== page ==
Saturday, June 9, 2007

Mix Up Your DRTV Marketing Mix

When San Diego's modern art museum, the Museum of Contemporary Art San Diego (MCASD), decided to market its expanded downtown location early this year, it wanted to attract an entirely new population of museum-goers -- young ones. Specifically, the museum wanted to find art lovers under the age of 25, to whom it would offer free admission.

There was one problem, though. Used to interacting with an older audience via traditional advertisements, the museum realized that its tried-and-true media buying and marketing tools were the very same ones being rejected as suspect and old fashioned by most modern-day young people. A standard newspaper ad would no longer do. It needed something different.

"Our greatest results are coming from a combination of more traditional media outlets with other, more extreme non-traditional ones," says Jonathan Bailey, CEO of Bailey Gardiner, the San Diego-based integrated marketing company that MCASD hired to help it reach its new demographic. "Our ideal strategy for clients is at least a 50 percent spend on non-traditional mediums."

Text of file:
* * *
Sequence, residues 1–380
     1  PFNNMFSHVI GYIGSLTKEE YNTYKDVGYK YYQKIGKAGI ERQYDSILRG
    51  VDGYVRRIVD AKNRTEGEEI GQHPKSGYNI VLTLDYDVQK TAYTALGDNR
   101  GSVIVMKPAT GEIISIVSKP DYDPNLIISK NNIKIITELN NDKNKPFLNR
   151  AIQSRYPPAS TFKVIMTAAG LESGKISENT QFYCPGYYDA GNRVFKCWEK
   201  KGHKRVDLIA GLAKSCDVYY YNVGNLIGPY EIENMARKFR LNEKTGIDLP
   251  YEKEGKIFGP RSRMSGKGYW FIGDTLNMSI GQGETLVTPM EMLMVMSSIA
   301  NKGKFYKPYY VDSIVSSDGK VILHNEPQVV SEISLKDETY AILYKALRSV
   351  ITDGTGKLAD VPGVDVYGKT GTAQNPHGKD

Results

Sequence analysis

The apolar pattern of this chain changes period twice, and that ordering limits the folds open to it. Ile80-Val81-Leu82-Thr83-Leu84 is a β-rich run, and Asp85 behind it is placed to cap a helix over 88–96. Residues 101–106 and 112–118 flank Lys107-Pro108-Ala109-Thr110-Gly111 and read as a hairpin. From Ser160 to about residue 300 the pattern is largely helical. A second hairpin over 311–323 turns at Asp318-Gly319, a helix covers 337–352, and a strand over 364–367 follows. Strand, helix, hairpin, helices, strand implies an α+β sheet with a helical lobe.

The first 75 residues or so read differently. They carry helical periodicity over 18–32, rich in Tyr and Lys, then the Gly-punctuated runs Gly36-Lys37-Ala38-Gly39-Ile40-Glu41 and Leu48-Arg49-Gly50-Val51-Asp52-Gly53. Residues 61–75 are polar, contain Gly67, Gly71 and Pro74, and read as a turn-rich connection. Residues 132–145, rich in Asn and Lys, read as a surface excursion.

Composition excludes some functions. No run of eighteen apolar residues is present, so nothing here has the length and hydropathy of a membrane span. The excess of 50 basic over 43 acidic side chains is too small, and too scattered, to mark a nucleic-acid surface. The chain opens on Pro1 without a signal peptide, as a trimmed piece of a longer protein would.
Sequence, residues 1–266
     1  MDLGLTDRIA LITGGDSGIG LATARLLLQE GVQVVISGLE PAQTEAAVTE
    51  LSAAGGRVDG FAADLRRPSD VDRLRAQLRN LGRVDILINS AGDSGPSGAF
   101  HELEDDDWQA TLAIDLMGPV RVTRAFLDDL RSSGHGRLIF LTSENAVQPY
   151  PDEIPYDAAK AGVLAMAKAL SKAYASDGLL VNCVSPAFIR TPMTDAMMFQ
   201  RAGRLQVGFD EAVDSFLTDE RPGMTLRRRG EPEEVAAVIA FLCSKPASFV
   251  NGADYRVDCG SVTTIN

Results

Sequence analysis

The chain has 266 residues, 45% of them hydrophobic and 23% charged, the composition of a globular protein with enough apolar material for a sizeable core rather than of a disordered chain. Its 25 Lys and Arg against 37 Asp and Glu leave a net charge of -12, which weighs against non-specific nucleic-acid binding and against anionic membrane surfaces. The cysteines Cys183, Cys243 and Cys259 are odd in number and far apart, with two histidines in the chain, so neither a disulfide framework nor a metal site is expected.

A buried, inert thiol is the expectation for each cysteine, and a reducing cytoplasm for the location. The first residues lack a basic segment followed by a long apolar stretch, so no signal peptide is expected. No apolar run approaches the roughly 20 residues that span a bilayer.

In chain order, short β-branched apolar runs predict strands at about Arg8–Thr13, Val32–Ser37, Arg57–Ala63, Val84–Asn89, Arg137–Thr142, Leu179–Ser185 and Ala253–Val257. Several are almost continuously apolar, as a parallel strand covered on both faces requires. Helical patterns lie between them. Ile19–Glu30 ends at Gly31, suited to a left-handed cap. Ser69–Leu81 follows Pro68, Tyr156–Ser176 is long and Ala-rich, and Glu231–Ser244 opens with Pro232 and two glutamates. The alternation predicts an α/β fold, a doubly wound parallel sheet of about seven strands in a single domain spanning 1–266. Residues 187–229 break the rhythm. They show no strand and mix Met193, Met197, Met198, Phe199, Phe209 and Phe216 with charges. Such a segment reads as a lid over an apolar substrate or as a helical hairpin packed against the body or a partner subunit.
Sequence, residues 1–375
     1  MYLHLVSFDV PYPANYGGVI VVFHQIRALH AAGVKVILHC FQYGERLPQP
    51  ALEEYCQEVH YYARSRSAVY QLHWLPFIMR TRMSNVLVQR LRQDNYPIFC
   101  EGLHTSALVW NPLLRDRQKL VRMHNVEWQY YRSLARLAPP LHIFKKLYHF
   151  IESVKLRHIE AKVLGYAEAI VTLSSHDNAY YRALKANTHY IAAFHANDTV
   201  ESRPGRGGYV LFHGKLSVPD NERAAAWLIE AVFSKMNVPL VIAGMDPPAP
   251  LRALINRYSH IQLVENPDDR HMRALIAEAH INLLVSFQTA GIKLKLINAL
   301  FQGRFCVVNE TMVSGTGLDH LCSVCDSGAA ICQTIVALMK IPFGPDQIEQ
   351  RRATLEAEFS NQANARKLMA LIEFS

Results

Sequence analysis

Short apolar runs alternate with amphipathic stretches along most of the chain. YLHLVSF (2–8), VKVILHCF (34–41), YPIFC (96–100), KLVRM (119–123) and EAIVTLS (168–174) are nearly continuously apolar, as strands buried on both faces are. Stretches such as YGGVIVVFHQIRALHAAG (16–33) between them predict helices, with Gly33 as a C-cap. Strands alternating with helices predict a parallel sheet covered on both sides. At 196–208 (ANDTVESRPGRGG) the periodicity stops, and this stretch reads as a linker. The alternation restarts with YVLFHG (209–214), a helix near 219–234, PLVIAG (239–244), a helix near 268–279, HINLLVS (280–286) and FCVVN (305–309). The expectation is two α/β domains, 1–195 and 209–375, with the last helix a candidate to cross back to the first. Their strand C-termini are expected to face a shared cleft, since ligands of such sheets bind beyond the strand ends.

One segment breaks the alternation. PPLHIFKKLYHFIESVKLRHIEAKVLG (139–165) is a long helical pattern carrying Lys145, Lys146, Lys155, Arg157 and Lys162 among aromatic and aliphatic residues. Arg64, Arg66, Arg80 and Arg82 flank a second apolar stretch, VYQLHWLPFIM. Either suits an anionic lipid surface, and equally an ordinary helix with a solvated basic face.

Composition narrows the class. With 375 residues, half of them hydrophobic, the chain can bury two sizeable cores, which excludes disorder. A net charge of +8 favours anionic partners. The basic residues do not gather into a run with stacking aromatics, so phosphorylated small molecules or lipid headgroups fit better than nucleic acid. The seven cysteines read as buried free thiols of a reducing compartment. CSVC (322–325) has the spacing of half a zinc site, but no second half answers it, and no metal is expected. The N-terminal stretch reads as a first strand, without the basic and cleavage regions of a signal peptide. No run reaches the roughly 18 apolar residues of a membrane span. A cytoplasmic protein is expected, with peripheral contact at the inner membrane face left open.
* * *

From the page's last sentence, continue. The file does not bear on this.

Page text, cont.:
The strategy his team recommended for MCASD was no different. The museum launched a traditional ad campaign via magazines and billboards in order to reach its older base of customers. It coupled that, however, with an interactive viral Web site,, designed to encourage younger consumers to "feed their greedy organ" -- their eyes -- with a free visit to the museum. The museum's traditional ads drove traffic to the non-traditional Web site, resulting in a 200 percent increase in museum attendance by the under-25 set.

The lesson for small business owners is this: In order to succeed with your marketing dollars, integrate, innovate and interact. "You need every marketing dollar to count," Bailey says, "so simply relying on methods that might work for Fortune 500 companies and household brand names will not work for emerging companies."